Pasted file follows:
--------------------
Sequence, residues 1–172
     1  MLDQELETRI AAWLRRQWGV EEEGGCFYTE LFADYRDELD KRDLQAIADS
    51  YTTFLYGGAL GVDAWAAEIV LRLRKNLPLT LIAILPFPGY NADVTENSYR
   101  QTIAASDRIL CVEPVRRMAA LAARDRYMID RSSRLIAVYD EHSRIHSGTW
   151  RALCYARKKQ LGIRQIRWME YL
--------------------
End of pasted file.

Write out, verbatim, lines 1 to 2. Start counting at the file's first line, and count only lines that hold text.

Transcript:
Sequence, residues 1–172
     1  MLDQELETRI AAWLRRQWGV EEEGGCFYTE LFADYRDELD KRDLQAIADS